Thursday, 20 October 2011


Back To Stay is a lovely little Argentine film I caught at the London Film Festival, drawn in by the story and also the line “the house is as much as a character as the people in it.” I do like anything where a place also has its own living and breathing presence and personality, particularly old houses, Usually used in a supernatural sense, and the premise beginning with “after the death of their grandmother…” I thought there may be hints of it during this film. There is, once, but it’s a watching rather than a haunting. Back To Stay is about three sisters, their bond and their own individual coming of age.

In an unnamed city somewhere in Argentina, three teenage sisters live alone in a big old deteriorating house, styled in the past by their grandmother, who has, as the film starts, died a short while ago. There is no mention of the girls’ parents so it is assumed they are orphans and it is their grandmother who raised them. Now left alone on the tip of adulthood they must navigate these difficult times by themselves, helped only by a male friend who appears to be either a neighbour or the ‘handyman’ of the house.

The three girls are very different. The eldest, Sofia, is at college, but is shown to be irresponsible, childish, bossy and prone to wearing some of the most inappropriate of clothes! Marina is the middle sister, studious, sensitive, rational and seems to be the only one who cares when the bills need paying or when the washing machine breaks. She has a crush on their male friend/handyman Francisco and in the opening scene we see her break up with her boyfriend. Violeta is the youngest, and has a vacant dreaminess about her and she floats from room to room, staring for hours at the TV and going through her grandmother’s clothes. She’s supposed to be at school but never goes, and has mysterious dalliances with a boy at the house whilst her sisters are at college.

The camera rarely leaves the house – occasionally venturing into the garden or the garage, but we never leave the site – the girls come and go but we stay with the house. It’s what holds them together – they've inheried it. The three of them are close, but there are tensions between Sofia and Marina: Sofia thinks Marina may be adopted as there are no pictures of her as a baby and she looks so different to them (it is never proven whether she is or not, though Marina’s violent reaction when she finds out that’s what Sofia has been telling people suggests she has an inkling herself). They don’t seem to miss their grandmother – it’s more her absence which has stunned the girls, forcing them to be adults sooner than they are ready. It’s a shock when Violeta suddenly leaves one day, to be with her boyfriend when he is offered a new job in a place “far away”. Marina and Sofia must alter their routine, but Sofia begins to keep things from Marina, shut her out and lock herself in her bedroom, upsetting her frustrated sister. Then Sofia begins to sell furniture and re-decorate spontaneously without a thought for Marina, but as time passes the two girls start working together to fashion the house as they would like to live there. The film’s alternative (Spanish) title “Open Doors and Windows” is as much about the house as it is about the girls’ emotions.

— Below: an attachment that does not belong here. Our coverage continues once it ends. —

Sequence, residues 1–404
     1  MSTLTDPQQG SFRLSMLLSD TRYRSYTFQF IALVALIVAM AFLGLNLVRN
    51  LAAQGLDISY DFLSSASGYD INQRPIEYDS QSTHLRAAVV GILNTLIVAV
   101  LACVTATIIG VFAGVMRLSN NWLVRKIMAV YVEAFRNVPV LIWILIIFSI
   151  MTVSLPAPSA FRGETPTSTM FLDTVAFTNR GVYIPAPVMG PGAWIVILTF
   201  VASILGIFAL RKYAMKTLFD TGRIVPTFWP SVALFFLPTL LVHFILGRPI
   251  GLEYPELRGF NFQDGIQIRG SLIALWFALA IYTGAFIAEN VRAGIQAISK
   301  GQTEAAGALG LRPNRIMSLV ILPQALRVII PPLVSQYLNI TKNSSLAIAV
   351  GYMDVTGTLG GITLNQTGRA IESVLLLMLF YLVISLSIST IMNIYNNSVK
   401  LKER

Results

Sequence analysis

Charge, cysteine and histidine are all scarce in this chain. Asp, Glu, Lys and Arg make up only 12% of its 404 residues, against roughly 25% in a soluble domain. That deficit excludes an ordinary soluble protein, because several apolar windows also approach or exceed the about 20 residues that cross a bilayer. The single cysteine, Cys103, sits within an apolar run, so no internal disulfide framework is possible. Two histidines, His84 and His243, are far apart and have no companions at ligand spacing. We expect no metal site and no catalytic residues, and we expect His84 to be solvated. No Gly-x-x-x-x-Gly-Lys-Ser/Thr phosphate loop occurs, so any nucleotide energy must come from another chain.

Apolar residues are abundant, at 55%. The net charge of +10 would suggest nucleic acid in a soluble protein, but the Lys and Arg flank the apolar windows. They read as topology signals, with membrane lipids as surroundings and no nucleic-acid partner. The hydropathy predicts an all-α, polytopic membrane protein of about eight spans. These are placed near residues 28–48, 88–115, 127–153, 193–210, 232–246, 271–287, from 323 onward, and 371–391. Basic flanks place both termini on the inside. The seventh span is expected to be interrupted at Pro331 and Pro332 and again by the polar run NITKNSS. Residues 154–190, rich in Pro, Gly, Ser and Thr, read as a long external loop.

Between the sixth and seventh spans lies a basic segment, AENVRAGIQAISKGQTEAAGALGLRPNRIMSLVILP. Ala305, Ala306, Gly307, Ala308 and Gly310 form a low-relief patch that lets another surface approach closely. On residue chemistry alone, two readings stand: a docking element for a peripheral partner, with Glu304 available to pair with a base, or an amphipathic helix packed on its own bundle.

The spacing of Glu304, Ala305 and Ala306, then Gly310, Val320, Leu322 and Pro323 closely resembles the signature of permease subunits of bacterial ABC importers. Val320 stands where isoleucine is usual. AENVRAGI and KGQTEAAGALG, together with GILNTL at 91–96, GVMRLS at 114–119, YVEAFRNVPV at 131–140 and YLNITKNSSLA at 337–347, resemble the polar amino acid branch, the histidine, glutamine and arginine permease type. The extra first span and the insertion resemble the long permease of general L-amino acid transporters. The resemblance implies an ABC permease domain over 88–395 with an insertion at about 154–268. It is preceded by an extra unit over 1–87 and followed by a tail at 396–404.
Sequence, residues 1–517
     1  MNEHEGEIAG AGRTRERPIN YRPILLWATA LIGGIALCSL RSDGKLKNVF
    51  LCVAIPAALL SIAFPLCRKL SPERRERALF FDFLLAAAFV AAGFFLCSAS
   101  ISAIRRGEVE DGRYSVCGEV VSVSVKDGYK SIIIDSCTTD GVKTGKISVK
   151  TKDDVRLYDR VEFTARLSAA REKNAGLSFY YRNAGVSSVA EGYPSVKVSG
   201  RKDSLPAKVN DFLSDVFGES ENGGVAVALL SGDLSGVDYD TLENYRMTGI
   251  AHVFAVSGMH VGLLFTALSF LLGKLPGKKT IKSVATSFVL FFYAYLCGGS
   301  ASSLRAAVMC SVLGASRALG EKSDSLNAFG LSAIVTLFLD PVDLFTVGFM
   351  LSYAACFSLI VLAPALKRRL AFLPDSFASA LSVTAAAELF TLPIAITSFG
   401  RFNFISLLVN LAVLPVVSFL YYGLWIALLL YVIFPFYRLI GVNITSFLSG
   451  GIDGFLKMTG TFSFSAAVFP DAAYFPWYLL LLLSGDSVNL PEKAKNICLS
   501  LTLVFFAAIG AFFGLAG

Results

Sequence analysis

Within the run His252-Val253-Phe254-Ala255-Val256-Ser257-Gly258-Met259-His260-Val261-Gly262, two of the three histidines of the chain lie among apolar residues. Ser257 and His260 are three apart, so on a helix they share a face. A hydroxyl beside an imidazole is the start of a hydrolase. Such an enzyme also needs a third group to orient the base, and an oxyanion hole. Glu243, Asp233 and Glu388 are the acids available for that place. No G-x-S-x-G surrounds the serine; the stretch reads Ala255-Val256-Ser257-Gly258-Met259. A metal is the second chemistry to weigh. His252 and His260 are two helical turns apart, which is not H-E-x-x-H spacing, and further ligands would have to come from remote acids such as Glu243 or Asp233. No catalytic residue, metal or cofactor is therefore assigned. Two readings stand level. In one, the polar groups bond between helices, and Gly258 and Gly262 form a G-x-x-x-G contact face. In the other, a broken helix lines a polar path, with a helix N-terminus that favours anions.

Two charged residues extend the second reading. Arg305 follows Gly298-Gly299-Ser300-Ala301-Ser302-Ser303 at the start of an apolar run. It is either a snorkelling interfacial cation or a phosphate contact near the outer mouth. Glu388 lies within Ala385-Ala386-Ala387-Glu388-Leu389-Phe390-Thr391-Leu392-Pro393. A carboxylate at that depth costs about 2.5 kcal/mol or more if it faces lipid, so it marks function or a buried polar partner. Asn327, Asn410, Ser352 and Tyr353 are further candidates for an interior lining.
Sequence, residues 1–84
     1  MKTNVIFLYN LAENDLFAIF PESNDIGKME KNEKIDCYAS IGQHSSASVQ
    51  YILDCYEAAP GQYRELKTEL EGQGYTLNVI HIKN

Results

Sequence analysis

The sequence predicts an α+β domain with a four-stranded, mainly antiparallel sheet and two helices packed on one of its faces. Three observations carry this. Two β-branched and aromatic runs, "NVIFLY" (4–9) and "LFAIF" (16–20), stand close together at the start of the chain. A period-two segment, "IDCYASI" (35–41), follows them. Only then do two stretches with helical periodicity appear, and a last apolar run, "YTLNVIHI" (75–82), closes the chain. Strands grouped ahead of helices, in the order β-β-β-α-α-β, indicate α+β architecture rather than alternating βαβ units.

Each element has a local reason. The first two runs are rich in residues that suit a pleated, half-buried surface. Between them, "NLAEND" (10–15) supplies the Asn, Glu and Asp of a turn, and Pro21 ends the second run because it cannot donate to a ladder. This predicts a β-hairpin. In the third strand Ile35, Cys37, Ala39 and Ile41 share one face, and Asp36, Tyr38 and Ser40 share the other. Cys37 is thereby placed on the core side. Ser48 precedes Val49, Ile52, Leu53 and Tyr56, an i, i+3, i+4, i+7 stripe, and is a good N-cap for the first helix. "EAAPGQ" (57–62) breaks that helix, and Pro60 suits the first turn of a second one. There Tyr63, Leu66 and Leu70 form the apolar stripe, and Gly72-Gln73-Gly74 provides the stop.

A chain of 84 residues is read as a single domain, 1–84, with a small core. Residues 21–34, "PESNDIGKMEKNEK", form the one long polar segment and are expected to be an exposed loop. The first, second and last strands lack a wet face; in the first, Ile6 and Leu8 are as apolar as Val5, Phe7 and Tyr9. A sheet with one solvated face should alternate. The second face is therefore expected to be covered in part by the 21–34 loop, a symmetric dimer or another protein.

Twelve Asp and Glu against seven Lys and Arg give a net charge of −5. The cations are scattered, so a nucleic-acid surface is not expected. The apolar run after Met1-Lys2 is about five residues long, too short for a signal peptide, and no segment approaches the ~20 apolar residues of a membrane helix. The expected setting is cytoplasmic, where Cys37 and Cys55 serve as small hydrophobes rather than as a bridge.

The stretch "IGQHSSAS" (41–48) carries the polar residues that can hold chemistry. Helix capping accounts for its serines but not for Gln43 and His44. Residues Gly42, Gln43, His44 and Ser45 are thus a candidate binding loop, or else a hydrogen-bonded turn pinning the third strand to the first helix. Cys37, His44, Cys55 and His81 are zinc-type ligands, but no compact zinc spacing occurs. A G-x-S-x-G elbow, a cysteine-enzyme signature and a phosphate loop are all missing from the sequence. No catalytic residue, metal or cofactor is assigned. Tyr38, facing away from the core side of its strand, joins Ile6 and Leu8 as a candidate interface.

It’s an intimate study of family, relationships and characters. All three girls are interesting to watch (Violeta particularly enchanting with her beauty and listlessness) and there’s never a dull moment. It’s a quiet film – no music adding to sense of hushed atmosphere in this big empty house – file it under “not much happens but it’s wonderful to watch”. It lingers in the memory long after – such a curious and watchable little film is Back To Stay. Worth checking out if you ever get the chance.

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